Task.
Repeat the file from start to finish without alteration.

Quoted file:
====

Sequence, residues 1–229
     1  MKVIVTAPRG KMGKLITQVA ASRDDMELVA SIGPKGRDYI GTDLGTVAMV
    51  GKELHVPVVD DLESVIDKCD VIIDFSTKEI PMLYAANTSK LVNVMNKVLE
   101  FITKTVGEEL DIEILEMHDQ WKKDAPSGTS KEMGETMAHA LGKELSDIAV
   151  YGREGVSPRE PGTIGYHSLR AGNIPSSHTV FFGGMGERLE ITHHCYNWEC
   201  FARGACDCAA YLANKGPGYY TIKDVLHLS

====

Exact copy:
Sequence, residues 1–229
     1  MKVIVTAPRG KMGKLITQVA ASRDDMELVA SIGPKGRDYI GTDLGTVAMV
    51  GKELHVPVVD DLESVIDKCD VIIDFSTKEI PMLYAANTSK LVNVMNKVLE
   101  FITKTVGEEL DIEILEMHDQ WKKDAPSGTS KEMGETMAHA LGKELSDIAV
   151  YGREGVSPRE PGTIGYHSLR AGNIPSSHTV FFGGMGERLE ITHHCYNWEC
   201  FARGACDCAA YLANKGPGYY TIKDVLHLS